Smarts needed as rush to build houses takes tool on Auckland's green spaces
Search on for 2016 Young Horticulturist of the Year
AUCKLANDERS are being warned that the rush to build more houses – even as the Auckland Council comes under pressure to abandon
its urban growth boundary – could result in a massive loss of green spaces, with associated costs to the environment,
health and lifestyle.
Speaking on the eve of the Young Amenity leg of the 'Young Horticulturist of the Year 2016 Competition
’, the Royal NZ Institute of Horticulture Education Trust’s new chairperson Elle Anderson said that Auckland's
reputation as a desirable place to live may quickly disappear in the face of rising urban intensification.
"We understand that there is a housing shortage, but we should also be aware that more houses – characteristically with
tiny, low maintenance gardens and a few small trees – will have an effect on the quality of our air and our lifestyles
"Perhaps postage stamp sized green spaces are inevitable as populations grow and urbanisation becomes more intense. If
that's the kind of future we are facing – and I think we are – we are going to need some very smart, creative young
people coming through in the Amenity Horticulture Sector.
"The ability to deliver the same environmental benefits we enjoy today with vastly reduced green spaces will require a
huge step up in the level of creativity and science we bring to amenity horticulture, and the Young Horticulturalist of
the Year competition is our first step in identifying the people who will carry our cities forward," she said.
Amenity horticulturalists, have the skills and knowledge to maintain gardens and public spaces, including selecting the
right plants for the right place, pruning and training trees and shrubs and re-vegetating areas of native plants – a
vital cog in the management of a livable city environment.
The Farmlands Young Amenity Horticulturist of the Year competition – is supported by the New Zealand Recreation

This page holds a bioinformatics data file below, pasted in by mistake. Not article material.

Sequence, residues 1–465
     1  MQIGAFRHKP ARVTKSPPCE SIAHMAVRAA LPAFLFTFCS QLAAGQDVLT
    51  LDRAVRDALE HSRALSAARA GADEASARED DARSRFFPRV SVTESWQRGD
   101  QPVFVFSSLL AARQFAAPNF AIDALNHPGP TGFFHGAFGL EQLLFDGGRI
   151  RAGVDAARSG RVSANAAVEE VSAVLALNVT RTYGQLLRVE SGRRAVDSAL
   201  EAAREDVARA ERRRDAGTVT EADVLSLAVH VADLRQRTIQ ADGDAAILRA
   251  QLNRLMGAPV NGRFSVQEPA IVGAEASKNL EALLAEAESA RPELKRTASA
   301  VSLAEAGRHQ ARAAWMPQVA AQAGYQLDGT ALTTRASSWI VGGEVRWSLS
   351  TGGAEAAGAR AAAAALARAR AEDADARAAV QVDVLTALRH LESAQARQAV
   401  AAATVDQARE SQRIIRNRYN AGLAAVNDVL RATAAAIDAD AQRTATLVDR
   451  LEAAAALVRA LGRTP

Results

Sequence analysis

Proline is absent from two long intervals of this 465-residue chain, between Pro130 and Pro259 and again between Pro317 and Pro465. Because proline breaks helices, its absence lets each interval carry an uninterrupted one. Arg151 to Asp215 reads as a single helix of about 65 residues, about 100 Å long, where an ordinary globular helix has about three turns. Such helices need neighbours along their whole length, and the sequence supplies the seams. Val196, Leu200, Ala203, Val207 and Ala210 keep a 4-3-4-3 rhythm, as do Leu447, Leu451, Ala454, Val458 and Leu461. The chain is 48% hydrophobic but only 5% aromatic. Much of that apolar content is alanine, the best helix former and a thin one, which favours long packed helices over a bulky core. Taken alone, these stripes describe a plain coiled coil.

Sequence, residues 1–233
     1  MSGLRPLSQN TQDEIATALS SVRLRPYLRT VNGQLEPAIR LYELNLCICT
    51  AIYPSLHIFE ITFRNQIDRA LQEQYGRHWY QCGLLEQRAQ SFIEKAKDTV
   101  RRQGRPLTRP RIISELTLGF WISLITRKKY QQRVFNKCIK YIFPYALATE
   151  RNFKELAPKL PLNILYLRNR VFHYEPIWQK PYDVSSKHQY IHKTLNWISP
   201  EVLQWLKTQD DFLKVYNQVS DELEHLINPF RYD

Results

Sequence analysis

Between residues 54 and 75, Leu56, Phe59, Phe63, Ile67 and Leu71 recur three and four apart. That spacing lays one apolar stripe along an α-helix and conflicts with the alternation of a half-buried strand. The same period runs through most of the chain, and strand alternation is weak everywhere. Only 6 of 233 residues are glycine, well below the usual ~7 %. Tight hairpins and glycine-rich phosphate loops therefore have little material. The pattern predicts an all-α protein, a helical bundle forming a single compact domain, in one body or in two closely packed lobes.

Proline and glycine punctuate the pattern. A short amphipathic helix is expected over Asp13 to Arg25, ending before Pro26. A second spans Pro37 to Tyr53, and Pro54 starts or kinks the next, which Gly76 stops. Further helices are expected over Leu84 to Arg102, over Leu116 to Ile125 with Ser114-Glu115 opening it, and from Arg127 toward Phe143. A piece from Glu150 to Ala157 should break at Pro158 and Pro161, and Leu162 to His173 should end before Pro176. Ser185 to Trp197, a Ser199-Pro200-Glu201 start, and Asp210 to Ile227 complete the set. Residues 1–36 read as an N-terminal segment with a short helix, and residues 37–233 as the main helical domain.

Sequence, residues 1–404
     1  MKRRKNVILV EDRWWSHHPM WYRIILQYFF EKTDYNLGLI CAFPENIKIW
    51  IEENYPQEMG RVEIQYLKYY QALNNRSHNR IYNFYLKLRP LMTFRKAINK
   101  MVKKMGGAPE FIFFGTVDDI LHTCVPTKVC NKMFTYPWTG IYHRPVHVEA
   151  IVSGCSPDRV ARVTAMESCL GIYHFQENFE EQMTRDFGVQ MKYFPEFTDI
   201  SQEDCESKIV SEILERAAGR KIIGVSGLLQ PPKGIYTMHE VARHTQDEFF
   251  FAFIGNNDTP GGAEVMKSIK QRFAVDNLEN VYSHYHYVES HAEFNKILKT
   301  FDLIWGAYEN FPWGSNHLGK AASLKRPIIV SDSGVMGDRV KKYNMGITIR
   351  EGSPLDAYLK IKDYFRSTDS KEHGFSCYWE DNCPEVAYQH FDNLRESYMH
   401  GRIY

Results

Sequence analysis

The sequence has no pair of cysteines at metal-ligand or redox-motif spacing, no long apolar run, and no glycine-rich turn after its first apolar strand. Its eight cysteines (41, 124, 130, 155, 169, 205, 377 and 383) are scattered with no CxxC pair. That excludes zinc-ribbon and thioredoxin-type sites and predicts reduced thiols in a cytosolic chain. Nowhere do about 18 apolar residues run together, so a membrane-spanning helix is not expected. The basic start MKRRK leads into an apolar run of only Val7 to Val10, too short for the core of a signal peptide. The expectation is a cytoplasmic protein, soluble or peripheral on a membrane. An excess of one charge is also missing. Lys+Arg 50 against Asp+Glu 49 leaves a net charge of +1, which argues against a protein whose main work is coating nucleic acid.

Association – is one of six sector competitions that will determine the finalists for the Royal NZ Institute of
Horticulture Education Trust’s annual ‘‘Young Horticulturist of the Year 2016 Competition
The finalists will be drawn from the winners of six horticultural sector competitions:
• Horticulture New Zealand 'Young Grower of the Year' (fruit and vegetable sectors)
• Nursery and Garden Industry of New Zealand 'Young Achiever'
• NZ Winegrowers 'Young Viticulturist of the Year'
• Amenity Horticulture supported by NZ Recreation Association
• NZ Flower Growers Inc. and Floristry NZ Inc. 'National Competition'
• Landscaping New Zealand 'Young Landscaper of the Year'
Finalists (30 years and under) compete for a prize pool of over $40,000 that includes a $7,500 T travel and accommodation package and a $5,500 Massey University study scholarship, as well as an AGMARDT Market
Innovation Project first prize of $5,000.
For more information about how to enter, visit www.younghort.co.nz
The Young Horticulturist of the Year competition is made possible through the generous support of: Young Horticulturist
of the Year Partners; Fruitfed Supplies, AGMARDT and T
Young Horticulturist of the Year Supporters; Bayer CropScience, Massey University, Primary ITO, Countdown, NZ Gardener
Magazine and Trillian Trust.